PUT HAPPINESS FIRST

Make happiness a priority for your family. This may seem like a no-brainer. Of course we all make happiness a priority, right? Yet if you take a long, hard look at your family’s lifestyle, you may be surprised at what you find. For many families, academics, sports, or other activities may be in the top priority slots—and they may not be making any of you as happy as you once thought they did. Remember, what you prioritize in your family unit will become the things your kids learn to prioritize, too.

Talk about the things that make your kids happy. Find out whether their daily and weekly activities fulfill them. Ask questions like, “Does playing softball make you feel good?” or “What were you doing today when you felt the best?” If you hear surprising answers, talk about what your family could be doing differently. This isn’t a one-time exercise, either. Sitting down on a regular basis to talk about how to reprioritize will give your kids the valuable skill of evaluating their own lives and letting go of the things that aren’t working.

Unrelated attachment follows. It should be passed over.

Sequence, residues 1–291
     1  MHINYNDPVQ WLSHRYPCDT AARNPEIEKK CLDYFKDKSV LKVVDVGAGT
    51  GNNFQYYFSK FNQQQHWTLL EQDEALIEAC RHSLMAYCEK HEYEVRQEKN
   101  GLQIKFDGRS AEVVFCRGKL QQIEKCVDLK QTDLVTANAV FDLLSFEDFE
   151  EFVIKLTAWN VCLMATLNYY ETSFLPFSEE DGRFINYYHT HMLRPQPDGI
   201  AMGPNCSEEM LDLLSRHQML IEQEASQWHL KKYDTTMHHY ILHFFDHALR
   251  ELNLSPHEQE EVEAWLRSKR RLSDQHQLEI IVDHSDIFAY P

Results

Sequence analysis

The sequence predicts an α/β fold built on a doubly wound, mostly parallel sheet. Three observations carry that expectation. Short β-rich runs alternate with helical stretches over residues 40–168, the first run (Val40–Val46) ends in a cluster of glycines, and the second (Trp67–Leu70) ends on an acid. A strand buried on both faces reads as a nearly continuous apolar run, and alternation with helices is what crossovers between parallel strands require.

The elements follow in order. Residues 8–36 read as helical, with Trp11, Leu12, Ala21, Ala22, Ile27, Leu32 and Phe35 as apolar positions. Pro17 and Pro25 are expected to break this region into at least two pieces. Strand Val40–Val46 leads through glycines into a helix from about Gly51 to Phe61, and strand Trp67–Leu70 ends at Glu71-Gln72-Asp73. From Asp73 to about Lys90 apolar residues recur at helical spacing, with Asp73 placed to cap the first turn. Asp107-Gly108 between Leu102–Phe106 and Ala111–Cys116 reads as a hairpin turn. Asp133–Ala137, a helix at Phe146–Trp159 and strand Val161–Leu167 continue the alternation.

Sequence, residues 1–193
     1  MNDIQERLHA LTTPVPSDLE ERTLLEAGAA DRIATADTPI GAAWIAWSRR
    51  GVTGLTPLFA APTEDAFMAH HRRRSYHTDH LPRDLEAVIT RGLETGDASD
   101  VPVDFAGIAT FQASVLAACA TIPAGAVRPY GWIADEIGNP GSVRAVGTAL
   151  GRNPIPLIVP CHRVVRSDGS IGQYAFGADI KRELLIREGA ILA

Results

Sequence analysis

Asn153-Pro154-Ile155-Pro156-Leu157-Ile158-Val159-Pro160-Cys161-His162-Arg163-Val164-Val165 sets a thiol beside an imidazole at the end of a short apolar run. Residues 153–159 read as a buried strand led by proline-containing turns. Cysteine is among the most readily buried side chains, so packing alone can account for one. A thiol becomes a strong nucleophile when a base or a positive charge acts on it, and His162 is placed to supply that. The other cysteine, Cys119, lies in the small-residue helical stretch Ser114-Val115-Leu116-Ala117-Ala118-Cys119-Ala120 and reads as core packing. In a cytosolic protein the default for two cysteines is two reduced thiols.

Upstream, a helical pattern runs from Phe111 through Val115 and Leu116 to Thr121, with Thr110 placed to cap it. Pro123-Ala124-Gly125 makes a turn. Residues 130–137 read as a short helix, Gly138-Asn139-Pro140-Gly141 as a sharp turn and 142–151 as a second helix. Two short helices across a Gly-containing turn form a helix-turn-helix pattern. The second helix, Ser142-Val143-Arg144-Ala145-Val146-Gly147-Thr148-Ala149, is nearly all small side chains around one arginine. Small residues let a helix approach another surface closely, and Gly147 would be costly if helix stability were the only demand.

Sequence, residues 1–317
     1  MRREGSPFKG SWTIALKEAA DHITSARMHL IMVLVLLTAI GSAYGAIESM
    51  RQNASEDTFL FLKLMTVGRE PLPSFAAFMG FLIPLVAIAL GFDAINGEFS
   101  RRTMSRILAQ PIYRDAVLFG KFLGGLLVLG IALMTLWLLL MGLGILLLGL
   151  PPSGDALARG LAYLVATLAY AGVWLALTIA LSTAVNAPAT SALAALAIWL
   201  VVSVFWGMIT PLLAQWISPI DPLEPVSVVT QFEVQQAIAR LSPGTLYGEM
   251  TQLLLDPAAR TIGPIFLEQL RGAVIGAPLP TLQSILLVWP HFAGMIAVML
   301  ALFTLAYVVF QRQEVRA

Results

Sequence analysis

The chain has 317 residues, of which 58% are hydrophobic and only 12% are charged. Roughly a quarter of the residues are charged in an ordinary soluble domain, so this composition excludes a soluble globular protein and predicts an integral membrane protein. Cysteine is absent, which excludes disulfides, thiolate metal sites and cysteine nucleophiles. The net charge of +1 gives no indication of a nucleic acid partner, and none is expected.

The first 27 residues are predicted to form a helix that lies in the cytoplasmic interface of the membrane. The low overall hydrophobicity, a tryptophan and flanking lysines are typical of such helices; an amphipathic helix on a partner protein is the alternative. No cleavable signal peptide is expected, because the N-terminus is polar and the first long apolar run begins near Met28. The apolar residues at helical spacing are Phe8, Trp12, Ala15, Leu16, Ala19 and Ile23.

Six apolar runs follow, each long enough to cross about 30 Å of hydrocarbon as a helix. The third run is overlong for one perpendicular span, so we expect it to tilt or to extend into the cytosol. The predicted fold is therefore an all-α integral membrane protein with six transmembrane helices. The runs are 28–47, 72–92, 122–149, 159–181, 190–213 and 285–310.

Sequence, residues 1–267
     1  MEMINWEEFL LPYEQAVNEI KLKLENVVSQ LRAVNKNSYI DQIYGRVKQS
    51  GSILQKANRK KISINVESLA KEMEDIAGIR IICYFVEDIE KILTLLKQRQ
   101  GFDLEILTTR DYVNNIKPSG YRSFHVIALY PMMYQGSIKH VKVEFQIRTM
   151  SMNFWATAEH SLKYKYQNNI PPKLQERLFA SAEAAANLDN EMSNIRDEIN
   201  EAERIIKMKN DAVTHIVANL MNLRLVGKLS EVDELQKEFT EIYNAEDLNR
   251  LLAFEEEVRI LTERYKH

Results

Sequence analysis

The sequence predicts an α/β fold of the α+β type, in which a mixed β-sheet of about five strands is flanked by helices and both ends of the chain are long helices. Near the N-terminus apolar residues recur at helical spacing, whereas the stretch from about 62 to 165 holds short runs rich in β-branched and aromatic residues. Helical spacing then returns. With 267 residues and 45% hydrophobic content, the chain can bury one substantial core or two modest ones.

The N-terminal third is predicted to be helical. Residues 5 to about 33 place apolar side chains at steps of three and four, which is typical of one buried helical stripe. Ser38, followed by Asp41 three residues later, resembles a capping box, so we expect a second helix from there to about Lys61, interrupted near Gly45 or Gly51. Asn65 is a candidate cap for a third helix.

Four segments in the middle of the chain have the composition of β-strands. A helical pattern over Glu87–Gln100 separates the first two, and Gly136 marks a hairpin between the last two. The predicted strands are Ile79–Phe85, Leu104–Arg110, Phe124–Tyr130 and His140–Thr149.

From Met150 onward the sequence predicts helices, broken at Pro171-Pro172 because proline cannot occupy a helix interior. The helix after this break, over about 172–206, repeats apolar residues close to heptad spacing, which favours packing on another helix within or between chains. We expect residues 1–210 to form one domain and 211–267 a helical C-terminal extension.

Don’t focus so much on things like stopping thumb-sucking and using good manners that you forget to emphasize habits that cultivate real happiness. In a very real way, the attitudes and outlooks you instill in your children today will impact the rest of their lives—for good or ill.

Todd Patkin, author of Finding Happiness: One Man’s Quest to Beat Depression and Anxiety and—Finally—Let the Sunshine In (StepWise Press, 2011), grew up in Massachusetts. After graduating from Tufts University, he joined the family business and spent the next 18 years helping to grow it to new heights. After selling his business in 2005, he was free to focus on his main passions: philanthropy, spending time with family and friends, and helping more people learn how to be happy. Todd lives with his wife, Yadira, and their son, Josh. For more information, visit www.findinghappinessthebook.com.